Last updated: February 16. 2013 8:15PM - 100 Views

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When he finally was able to start coaching again, Bill O'Brien gathered his new charges on offense in the film room. Armed with hours of video from his previous job with the Patriots, the new Penn State coach went to work.

Showing off the schemes that would become the Nittany Lions' own, O'Brien started teaching. Not long into the session, however, he had to bring it to a stop.

"I looked back at the team and I saw a lot of wide eyes," O'Brien said. "Because they were watching that film as fans."

Off went the projector.

"Look, guys," O'Brien told the squad. "We're looking at the schemes here. Don't worry that that's Tom Brady and don't worry that that's Wes Welker and Gronkowski and the other guys."

That's when the Lions started making some progress.

O'Brien and his players have kept their lips sealed about many of the details, but there's little doubt that the offense will be dramatically different in this new era of Penn State football.

But it's going to take some time.

"We aren't the Patriots," guard John Urschel said. "We aren't that. But I feel we can be successful in that offense."

Just how much of New England's scheme will make its way to Happy Valley remains to be seen. Some recent developments – like an emphasis on the tight ends in the passing game – will be ported over.

The Lions obviously don't have the personnel to run everything the way the Patriots do.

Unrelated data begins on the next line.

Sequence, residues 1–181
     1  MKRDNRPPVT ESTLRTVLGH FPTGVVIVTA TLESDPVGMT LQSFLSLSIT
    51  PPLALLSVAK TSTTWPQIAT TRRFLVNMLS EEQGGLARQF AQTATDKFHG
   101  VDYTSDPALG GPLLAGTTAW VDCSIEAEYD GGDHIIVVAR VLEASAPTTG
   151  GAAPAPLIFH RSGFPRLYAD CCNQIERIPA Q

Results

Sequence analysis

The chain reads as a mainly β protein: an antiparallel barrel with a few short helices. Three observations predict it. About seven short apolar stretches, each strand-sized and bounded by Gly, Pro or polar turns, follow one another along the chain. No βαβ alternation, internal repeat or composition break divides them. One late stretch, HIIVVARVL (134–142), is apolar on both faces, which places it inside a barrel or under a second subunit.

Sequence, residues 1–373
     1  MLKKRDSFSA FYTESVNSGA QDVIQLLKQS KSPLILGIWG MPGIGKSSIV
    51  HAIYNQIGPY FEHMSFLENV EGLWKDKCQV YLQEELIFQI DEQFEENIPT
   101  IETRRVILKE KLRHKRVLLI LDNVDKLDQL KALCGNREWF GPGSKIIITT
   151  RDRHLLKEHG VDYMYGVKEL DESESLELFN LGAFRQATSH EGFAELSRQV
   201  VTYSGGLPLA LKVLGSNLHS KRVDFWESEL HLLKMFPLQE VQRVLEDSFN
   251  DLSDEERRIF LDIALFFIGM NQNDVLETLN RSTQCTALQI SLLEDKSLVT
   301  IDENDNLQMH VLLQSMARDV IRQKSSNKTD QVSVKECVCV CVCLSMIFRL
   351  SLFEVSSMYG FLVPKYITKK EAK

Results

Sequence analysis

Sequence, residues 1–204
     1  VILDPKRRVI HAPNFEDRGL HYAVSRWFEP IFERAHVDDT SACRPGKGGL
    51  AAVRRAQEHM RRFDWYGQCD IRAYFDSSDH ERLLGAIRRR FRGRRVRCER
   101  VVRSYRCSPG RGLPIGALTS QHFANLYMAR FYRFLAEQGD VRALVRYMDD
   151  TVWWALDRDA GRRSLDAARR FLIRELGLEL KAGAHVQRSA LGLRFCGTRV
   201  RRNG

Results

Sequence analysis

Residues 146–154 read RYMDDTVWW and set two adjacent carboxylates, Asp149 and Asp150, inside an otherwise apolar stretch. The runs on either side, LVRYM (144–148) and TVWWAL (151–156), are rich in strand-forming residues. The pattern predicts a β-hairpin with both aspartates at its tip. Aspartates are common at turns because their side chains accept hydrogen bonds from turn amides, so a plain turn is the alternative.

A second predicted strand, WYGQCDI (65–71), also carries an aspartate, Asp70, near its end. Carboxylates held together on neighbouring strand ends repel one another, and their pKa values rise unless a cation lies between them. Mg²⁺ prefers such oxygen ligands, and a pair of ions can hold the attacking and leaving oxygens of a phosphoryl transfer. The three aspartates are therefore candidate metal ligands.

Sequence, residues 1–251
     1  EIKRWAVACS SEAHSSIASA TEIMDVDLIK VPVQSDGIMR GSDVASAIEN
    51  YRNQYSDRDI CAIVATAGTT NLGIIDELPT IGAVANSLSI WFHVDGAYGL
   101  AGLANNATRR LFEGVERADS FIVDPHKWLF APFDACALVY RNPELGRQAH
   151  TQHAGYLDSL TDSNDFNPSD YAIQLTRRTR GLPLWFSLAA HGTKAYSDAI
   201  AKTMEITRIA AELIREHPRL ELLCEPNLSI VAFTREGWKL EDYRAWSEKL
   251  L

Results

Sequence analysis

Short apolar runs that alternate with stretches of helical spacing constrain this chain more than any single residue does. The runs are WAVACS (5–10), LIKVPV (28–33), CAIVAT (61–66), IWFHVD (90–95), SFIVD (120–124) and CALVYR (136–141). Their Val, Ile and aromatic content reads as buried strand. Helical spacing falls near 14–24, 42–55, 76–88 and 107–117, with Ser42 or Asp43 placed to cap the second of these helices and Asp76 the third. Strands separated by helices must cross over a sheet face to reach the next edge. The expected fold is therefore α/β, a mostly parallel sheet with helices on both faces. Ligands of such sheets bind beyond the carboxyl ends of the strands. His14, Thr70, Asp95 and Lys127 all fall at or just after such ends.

"But what we're trying to do there is put in the foundation of what we did in New England," O'Brien said. "Of course, when you have Tom Brady, who is the best quarterback in the NFL, a future Hall of Famer, the thing that people have to understand is that he's been in that offense for 12 years. He would tell you the same thing – that offense has evolved as he's evolved."

The entire offensive coaching staff from the old regime is gone. Charlie Fisher, Stan Hixon, Charles London, Mac McWhorter and John Strollo replace Dick Anderson, Galen Hall, Bill Kenney, Mike McQueary and Jay Paterno.

More than just the faces, however, the division of labor has changed significantly.

Penn State's former playcalling system was a convoluted one where Hall and Paterno would share the load up in the coaches booth, relaying calls to McQueary on the sideline before being signaled into the huddle. With the occasional change-up from Joe Paterno himself.

This year it will be O'Brien running the show himself from the sideline after serving as the play-caller for New England's prolific attack. London and Strollo are expected to be upstairs, with Fisher, Hixon and McWhorter joining O'Brien on the field.

At quarterback, Matt McGloin will have more freedom to call audibles and change the play at the line, something that rarely – if ever – was permitted in the past few years.

"Obviously the things the Patriots have done in the past, you're aware of," McGloin said. "They're not like any other team you see. They rely so much on the quarterback to get the team in the right play. Coach O'Brien puts a lot of trust in the quarterback.

"I'm not going to sit here and say what our offense is like, but the quarterback does have the ability to get into right plays. We don't want to run a bad play ever."

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